Shamrocks & Cabbage & Green Beer, Oh My!


St. Patricks day concept - green beer and symbols

Photo: Getty Images

Today is the day to celebrate all things Irish, St. Patrick's Day! Shamrocks, green beer, corned beef & cabbage all come to mind when I think about this day. Though I've never had corned beef and I don't actively seek out green beer, I am fascinated by how this day is celebrated in the United States.

Here's a look at St. Patrick's Day by the numbers:

  • 174% more beer and 153% more spirits are sold on March 17th than on an average day in America.
  •  
  • Overall, Americans spend $5.87 billion celebrating St. Patrick's Day.
  •  
  • It takes 60 pounds of dye to turn the Chicago River green, and it lasts just five hours.
  •  
  • 32% of men admit to binge drinking on St. Patrick's Day.
  •  
  • Cabbage shipments increase 25% the week of St. Patrick's Day.
  •  
  • 31.5 million Americans claim at least some Irish heritage. That's number-two, behind German.
  •  
  • There are nine cities in America named Dublin. (Shout out to Dublin, OH.)

These facts and figures are provided by WalletHub.

My name is Matt Appleby and I do take pride in my Irish heritage. I'm (approximately) half Irish on my Mother's side, The Boylans. Boylan - Anglicized form of Gaelic Ó Baoighealláin. It was the name of a sept of Dartry, County Monaghan. That sounds fancy, right? Well wait just a minute. The name Boylan means (according to one internet source) the approved original Irish spelling of Boylan is Ua (grandson of) Baoigheal (a hostage). Isn't that special! Still I'm proud of my family and intend on diving deep into my ancestry soon.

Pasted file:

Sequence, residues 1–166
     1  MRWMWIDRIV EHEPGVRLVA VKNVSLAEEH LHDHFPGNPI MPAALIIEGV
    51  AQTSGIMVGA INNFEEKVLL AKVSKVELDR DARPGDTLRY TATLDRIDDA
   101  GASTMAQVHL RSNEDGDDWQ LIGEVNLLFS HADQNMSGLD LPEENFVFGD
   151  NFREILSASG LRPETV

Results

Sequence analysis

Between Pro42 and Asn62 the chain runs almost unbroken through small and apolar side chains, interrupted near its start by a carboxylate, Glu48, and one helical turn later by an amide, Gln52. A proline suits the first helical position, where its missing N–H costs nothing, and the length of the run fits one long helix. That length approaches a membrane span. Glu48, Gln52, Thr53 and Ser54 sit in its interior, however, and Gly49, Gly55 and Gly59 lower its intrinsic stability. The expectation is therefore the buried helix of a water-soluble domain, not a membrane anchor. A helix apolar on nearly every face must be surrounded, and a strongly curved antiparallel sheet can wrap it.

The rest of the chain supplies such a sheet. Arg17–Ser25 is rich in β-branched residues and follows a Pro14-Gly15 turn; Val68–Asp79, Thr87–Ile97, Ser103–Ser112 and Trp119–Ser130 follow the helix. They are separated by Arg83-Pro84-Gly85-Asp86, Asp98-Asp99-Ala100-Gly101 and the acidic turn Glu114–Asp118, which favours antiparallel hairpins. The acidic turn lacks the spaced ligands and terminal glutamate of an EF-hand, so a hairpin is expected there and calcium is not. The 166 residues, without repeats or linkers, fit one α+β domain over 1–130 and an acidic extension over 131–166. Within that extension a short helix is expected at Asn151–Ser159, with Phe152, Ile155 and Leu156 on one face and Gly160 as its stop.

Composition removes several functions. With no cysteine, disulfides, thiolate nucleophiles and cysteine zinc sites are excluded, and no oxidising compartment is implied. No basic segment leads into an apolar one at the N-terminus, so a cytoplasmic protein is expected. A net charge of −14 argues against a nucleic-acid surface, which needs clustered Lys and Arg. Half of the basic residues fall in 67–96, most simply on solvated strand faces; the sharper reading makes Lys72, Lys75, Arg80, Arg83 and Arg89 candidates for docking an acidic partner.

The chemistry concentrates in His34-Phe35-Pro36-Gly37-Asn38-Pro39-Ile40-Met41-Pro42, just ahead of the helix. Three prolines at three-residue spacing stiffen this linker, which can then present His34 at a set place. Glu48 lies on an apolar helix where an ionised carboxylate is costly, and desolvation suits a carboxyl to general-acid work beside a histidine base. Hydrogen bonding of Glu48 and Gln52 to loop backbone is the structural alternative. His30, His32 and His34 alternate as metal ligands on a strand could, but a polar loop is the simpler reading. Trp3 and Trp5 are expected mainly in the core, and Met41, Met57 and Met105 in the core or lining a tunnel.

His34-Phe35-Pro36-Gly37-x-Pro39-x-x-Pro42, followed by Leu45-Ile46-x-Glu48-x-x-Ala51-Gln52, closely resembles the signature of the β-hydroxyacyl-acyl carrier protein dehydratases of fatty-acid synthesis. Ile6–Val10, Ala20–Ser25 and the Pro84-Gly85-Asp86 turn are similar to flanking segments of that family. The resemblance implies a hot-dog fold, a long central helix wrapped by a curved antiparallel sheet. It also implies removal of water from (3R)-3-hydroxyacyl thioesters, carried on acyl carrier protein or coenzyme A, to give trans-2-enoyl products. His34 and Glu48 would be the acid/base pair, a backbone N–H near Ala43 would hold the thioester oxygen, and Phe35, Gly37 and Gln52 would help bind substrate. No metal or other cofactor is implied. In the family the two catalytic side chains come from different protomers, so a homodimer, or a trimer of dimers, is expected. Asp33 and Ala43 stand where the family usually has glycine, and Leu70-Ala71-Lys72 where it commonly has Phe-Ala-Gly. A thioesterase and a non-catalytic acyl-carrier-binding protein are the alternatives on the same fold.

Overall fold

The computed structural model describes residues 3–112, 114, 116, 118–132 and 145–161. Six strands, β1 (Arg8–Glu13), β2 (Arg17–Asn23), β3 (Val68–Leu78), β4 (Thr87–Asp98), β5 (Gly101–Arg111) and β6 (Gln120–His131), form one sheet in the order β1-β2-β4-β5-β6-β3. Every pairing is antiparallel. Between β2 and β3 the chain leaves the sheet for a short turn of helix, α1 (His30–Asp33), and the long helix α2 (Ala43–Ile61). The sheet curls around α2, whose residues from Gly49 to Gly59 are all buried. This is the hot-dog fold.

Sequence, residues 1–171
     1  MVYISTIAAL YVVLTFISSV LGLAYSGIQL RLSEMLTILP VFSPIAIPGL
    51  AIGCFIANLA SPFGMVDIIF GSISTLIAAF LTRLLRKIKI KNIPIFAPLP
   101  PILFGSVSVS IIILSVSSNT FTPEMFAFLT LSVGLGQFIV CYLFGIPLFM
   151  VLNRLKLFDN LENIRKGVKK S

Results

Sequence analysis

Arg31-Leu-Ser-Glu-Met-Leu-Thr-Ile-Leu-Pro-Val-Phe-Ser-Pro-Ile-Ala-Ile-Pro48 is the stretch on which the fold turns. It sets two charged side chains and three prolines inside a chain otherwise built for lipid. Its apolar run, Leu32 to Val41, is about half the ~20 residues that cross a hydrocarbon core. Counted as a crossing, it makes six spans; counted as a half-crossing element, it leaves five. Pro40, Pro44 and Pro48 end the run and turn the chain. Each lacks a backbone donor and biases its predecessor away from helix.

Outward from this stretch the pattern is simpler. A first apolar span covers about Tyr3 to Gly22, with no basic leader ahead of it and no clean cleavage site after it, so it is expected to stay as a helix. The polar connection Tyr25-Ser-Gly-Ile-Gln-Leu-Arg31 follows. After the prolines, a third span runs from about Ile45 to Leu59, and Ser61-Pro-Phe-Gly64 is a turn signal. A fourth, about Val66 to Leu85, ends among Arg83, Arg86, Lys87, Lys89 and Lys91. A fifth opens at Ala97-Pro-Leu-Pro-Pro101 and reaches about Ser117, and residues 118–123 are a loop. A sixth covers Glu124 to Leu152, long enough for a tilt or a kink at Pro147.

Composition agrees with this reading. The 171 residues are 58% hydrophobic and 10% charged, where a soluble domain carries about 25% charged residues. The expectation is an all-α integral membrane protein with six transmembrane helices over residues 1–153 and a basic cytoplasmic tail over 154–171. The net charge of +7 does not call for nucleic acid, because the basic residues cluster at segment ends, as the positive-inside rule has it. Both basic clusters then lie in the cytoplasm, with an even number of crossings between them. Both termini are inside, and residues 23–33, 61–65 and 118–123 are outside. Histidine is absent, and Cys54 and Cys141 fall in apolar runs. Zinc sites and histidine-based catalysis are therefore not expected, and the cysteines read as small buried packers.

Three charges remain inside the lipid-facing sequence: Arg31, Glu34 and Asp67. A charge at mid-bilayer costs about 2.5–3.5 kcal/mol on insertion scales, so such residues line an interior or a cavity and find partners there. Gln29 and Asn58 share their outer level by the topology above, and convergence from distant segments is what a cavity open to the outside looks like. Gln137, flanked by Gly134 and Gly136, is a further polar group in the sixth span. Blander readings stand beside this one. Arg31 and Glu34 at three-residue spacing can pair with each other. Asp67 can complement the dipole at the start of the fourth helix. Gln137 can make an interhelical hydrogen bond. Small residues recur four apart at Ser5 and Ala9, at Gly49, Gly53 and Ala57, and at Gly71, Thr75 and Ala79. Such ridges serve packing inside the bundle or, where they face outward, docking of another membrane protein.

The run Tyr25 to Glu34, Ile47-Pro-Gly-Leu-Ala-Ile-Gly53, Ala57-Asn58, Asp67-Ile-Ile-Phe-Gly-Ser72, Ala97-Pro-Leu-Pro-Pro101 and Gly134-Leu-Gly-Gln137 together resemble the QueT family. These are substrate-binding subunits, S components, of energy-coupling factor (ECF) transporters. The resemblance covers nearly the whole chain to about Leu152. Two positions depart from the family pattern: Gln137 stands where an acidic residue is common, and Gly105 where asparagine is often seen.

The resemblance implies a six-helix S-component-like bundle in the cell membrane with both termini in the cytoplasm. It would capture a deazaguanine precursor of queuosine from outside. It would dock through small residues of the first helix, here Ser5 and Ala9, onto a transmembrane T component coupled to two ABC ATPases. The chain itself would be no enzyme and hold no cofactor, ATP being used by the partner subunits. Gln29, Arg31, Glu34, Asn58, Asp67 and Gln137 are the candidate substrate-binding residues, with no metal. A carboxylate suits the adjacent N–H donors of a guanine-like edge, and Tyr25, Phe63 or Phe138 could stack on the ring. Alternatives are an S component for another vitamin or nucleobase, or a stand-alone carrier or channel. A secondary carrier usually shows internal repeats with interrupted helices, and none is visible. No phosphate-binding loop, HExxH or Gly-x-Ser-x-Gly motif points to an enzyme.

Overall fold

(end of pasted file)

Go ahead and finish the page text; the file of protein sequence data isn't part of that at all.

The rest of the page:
For the record the surname Appleby was first used in the Scottish/English Borderlands by an ancient Scottish people called the Strathclyde- Britons. It was a name for someone who lived in various places so named in England and Scotland. Appleby is derived from the old Norse apall, or "apple" combined with byr, meaning "farm."


Sponsored Content

Sponsored Content